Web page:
OPT030: Low Vision - Advanced
This module aims to provide you with the knowledge and skills to provide a high standard of advanced low vision care.
This module builds on the core knowledge acquired in OPT001: Low Vision 1 - Theory and OPT002: Low Vision 2 – Practical, to develop an ability to deliver low vision care to more complex low vision cases and specialist populations.
This course is designed for anyone who has a Professional Certificate in Low Vision or an accreditation for the Low Vision Service Wales who wants to provide advanced low vision care in the community or in a hospital setting.
This module is accredited for the College of Optometrists' Higher Professional Certificate in Low Vision. Students looking to obtain the Higher Certificate must already hold the Professional Certificate.
Practitioners without access to a wide enough range of low vision patients can still complete the advanced module without applying for the College Higher Certificate. Those choosing this path will be not be required to complete a logbook and will have a reduced number of formal cases to present.
|Duration||Two academic terms|
|Credits||20 credits - CET points available|
|Module tutors||Marek Karas (Leader)|
|Tuition fees (2020/21)||£1240 - Home students|
£2310 - Students from outside the EU
*Please contact us for EU fees.
Following the completion of this module you should be able to demonstrate:
- a detailed knowledge of the causes and epidemiology of low vision in specialist groups of patients. These groups are:
- children and young people
- those in transition to adulthood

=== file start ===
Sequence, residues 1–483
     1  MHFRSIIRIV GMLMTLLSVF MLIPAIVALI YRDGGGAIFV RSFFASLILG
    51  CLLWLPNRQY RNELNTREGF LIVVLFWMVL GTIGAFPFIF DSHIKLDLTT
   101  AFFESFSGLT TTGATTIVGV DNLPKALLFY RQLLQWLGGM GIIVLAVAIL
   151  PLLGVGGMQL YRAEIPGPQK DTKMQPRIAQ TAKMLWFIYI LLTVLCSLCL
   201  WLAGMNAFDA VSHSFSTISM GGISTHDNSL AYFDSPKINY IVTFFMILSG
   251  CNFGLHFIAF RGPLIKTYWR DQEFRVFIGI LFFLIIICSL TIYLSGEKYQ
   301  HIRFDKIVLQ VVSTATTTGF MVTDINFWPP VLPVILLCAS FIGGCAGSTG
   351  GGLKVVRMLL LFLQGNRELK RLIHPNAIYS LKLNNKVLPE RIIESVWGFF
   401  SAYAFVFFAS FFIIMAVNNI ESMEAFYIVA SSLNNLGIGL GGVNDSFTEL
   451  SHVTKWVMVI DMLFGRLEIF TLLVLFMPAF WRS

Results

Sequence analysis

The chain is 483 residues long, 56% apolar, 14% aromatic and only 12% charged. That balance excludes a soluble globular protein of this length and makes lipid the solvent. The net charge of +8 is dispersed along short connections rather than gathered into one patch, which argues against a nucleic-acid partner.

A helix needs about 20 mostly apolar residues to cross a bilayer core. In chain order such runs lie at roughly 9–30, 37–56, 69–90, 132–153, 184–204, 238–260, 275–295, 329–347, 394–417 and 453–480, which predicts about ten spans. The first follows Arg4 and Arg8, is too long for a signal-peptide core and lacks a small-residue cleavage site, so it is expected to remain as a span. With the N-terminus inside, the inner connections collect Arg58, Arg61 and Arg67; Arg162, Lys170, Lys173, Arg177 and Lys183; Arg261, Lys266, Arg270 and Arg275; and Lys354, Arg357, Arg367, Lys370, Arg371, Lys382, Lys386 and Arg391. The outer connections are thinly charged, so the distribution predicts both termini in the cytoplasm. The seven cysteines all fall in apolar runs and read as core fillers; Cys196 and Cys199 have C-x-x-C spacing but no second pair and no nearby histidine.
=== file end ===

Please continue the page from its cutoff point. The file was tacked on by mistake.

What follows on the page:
- people of working age
- people with learning disabilities
- people with dual sensory loss
- people with a neurological and cognitive impairment
- people with non-organic sight loss
- people with profound and multiple disabilities
- black, minority and ethnic groups
- people with profound sight loss
- those undergoing treatment, for example people currently receiving therapy for retinal disease
- people with cortical visual impairments.
- an awareness of the impact that key factors have on these specialist groups, including premature birth, ageing and cultural background
- an ability to assess and manage patients in these specialist groups
- a detailed knowledge of optical and non-optical devices and demonstrate an ability to prescribe a selection of these
- an understanding of the interaction of mental health and low vision
- an understanding of the evidence base for low vision rehabilitation.
- an ability to communicate effectively with patients, carers and fellow professionals in meaningful and innovative ways
- an understanding of the legislation and guidelines underpinning low vision practice.
How the module will be delivered
This module is taught via lectures (Powerpoint with audio) and podcasts, delivered via Learning Central, the university's e-learning system, with supporting resources and references supplied.
There are two contact days. There are online sessions of guided case-based learning, allowing students to revise and apply their knowledge in a virtual setting. There are timetabled webinars and one to one meetings designed to support students during the module.
Skills you will practise and develop
By studying this advanced module you will practice and develop academic skills expected at Level 7 (FHEQ) postgraduate level. Specifically you will be able to:
- demonstrate advanced knowledge in low vision practice
- analyse and critique the evidence base supporting your practice